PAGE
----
In this post we will be simulating the following effect, in which our pillars cast shadows that move as the player moves. This technique is one we used when creating the games *Entombed* and *Brimstone*.

In order to create this effect, it is enough to know how to create a single shadow from a single pillar. We will represent the pillar by (*x*,*y*) coordinates for each of its four corners, which we will assume is information that is available to the algorithm; we also presume that the algorithm is aware of the coordinates of the light source. To implement the algorithm, first we set up the points (*x1*,*y1*), (*x2*,*y2*), (*x3*,*y3*) and (*x4*,*y4*), which obey the following rules:

- (
*x2*,*y2*) is the pillar corner which is furthest from the light source. - If two of the corners are equidistant from the light source, then (
*x4*,*y4*) is the pillar corner which is (tied to be) closest to the light source. Otherwise, (*x4*,*y4*) are both -1. - (
*x1*,*y1*) is the pillar corner which is second-closest to the light source. - (
*x3*,*y3*) is the pillar corner which is second-furthest from the light source.

Before proceeding, we should address our seemingly odd choice of numbering for these coordinates: the answer is that the numbering on these coordinates tells the order required to draw the shape of our shadow. When filling shapes in Javascript, you cannot simply pass coordinates in any random order: you must be sure to pass them in the order which you really intend.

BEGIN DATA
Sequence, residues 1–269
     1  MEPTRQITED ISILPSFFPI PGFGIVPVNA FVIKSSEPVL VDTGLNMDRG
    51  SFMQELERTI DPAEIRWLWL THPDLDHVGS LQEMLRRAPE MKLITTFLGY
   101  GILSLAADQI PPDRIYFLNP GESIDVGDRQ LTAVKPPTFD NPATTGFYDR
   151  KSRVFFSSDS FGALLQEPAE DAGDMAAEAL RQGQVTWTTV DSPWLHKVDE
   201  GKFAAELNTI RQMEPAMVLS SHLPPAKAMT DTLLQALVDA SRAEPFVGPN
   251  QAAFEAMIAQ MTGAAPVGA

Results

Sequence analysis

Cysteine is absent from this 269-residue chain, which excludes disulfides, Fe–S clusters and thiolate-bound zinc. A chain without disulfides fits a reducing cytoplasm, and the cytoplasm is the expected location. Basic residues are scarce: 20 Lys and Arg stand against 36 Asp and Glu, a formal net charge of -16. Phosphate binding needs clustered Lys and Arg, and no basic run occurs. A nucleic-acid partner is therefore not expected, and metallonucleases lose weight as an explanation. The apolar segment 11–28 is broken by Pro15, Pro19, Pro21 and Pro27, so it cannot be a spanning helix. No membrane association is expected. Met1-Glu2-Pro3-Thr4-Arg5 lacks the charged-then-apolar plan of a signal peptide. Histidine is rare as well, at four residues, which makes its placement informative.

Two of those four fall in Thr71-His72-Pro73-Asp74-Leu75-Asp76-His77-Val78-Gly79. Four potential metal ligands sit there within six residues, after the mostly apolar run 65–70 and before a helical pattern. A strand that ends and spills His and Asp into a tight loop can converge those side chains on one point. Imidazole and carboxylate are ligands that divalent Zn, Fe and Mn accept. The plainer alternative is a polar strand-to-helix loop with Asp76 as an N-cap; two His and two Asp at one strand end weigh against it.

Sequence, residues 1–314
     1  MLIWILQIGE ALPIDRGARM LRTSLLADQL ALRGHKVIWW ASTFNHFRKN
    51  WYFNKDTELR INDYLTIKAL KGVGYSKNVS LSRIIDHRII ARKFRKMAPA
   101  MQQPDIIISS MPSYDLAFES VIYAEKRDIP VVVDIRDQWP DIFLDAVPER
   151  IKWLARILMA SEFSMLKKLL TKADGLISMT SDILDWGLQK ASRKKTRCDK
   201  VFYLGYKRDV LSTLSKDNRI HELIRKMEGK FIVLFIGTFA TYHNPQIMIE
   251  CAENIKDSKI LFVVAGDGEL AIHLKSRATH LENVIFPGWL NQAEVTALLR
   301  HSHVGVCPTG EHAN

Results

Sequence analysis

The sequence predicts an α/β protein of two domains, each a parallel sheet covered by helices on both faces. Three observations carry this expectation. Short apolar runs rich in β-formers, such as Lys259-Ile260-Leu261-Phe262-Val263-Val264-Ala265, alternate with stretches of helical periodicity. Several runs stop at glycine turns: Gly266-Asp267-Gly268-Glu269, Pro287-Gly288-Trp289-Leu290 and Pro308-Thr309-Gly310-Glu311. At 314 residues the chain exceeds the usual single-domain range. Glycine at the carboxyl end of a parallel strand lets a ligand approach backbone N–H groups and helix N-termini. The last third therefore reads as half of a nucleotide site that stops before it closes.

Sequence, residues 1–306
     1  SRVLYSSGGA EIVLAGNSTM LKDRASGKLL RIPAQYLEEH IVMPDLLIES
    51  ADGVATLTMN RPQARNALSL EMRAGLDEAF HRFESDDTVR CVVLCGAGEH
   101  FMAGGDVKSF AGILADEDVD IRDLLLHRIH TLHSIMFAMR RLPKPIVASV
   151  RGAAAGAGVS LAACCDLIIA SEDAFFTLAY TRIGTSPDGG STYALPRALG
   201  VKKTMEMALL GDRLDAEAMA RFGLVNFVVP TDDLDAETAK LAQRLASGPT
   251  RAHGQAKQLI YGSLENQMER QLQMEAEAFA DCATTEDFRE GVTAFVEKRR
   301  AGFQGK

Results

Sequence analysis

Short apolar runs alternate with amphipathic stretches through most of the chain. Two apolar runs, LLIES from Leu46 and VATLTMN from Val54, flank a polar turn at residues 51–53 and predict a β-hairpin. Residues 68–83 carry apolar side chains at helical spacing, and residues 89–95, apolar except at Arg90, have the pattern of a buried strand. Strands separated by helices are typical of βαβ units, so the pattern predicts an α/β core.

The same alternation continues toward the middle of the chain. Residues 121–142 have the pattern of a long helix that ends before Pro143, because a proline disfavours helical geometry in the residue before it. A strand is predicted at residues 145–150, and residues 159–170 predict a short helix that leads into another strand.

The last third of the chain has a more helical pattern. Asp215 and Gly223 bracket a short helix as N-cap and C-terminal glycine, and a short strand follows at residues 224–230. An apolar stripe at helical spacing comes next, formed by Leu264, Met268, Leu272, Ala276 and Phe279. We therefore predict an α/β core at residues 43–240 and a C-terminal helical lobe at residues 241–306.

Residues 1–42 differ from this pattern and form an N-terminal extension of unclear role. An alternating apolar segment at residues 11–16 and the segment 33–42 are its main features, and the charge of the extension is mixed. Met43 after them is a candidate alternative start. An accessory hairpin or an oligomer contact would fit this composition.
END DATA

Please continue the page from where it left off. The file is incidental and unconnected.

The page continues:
We have successfully found the coordinates which determine the *inner boundary* of the shadow; now we need to find the coordinates which determine the *outer boundary* of the shadow. These points we will call (*u1*,*v1*), (*u2*,*v2*), (*u3*,*v3*) and (*u4*,*v4*). To find them, we define a global scale factor *f *which is the same for all pillars and determines how long the shadows are (a value of 0 gives no shadows, while a value of 1 gives infinitely long shadows). With *f* defined, we can find our boundary points as follows:

- Find the vector extending from the light source to the point (
*u**1*,*v1*). - Find
*r**1*and*θ1*, the radius and angle of this vector. - Define
*u1*=*x1*+*f**r1*cos(*θ1*) - Let
*v1*=*y1*+*f r1*sin(*θ1*) - Do the same for all of our (
*u*,*v*) pairs.

With these pairs defined, we can draw our shadow by filling in the region described by the following path:

(*x1*,*y1*) -> (*u1*,*v1*) -> (*u2*,*v2*) -> (*u3*,*v3*) -> (*u4*,*v4*) -> (*x4*,*y4*) -> (*x3*,*y3*) -> (*x2*,*y2*) -> (*x1*,*y1*)

Note that if *x4* and *y4* is negative, exclude both (*x4*,*y4*) and (*u4*,*v4*) from the path above.

There is one further caveat to be noted. Usually when drawing a shadow you want it to be semitransparent, but the HTML5 canvas causes unrealistic-looking shadows when it layers one over another. This is because semitransparent textures add up to make a *less* transparent texture, rather than all the shadows being the same transparency like would be physical. To fix this, we drew our shadows on a separate canvas (hidden from view) in full black and then drew the results of this canvas onto the desired one using the drawImage property (which can except canvases as an argument) with a globalAlpha of our desired transparency. We found this technique to be quite effective.